• The different process for diagnosis.

Erinosho &amp Ayonrinde – Nigeria Yoruba Tribe study
[A] Investigate the cultural differences in criteria of normality and abnormality.
  • Participants were tribesmen from the Yoruba tribe in Nigeria.
  • Information of patients with schizophrenia were presented to people of the Yoruba Tribe.
  • Only 40% of the tribesmen from the Yoruba tribe identified the patients as mentally ill.
  • 30% of the tribesmen said they would marry such person.
  • This maybe due to the cultural differences between the tribesmen and the westernized world (see Binitie’s study).
  • Shows the importance of an emic approach in studies.
  • The ability to identify the definition of “abnormality” in different cultures can only be done in culture specific approach in studies.

Binitie – Schizophrenia in Nigeria
[A] Investigate the cultural differences in criteria of normality and abnormality.
  • Participants were Nigerians living in the city.
  • Information of patients with schizophrenia were presented to the participants.
  • Most participants correctly identified the patients as mentally ill.
  • 31% showed aggressive response to such patients e.g. suggesting that they should be expelled or shot.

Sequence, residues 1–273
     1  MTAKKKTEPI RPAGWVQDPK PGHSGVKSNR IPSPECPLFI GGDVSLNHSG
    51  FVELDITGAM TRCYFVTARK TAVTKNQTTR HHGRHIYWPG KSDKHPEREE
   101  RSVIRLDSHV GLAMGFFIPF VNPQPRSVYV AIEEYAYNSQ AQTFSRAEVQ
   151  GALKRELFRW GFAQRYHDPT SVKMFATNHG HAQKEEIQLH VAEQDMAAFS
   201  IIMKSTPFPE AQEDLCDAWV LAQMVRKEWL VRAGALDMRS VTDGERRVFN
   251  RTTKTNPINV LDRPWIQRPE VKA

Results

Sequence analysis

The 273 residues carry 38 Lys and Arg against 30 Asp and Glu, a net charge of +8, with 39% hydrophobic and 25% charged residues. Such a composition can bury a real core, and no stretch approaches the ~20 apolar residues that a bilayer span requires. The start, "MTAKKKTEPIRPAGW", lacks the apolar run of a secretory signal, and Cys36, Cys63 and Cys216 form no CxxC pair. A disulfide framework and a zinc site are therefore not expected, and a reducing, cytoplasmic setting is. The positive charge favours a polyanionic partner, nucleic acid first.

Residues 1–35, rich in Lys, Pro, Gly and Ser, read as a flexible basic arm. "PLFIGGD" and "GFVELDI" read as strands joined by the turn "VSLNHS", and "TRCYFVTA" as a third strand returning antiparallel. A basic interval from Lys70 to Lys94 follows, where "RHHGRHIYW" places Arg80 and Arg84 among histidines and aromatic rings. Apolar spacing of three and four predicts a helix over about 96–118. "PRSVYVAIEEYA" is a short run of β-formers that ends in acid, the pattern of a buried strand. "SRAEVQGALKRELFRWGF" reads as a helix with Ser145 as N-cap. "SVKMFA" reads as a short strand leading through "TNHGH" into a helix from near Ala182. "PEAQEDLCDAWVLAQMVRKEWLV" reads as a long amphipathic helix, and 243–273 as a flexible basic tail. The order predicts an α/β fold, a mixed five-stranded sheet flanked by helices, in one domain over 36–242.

• Shows how western culture has influenced the judgement of normality (compared with Yoruba tribe study).

McKeon and Murray – OCD prevalence
Description Relatives of OCD patients were more likely than the rest of the population to suffer from anxiety disorders in general, but no more likely to suffer specifically from OCD.

Baxter et al. – Caudate Nucleus and OCD
[A] Observe the differences in brain function in patients with OCD before and after successful treatment.
  • PET scanning was used to identify active areas of the brain.
  • The right Caudate Nucleus became more active in patients after treatment.
  • There is a correlation between the activity of the Caudate Nucleus and OCD.

Sullivan – Factors Related to OCD
[A] Examining the relation between academic majors/minors of college students, birth order, gender, level of stress, locus of control and the amount of obsessive-compulsive (OC) behaviors.
  • All participants were selected through convenience sampling.
  • A sample of 75 undergraduate students was surveyed.
  • 51 females, 24 males
  • 46 students with science/business majors/minors
  • 26 students with liberal arts/humanities majors/minors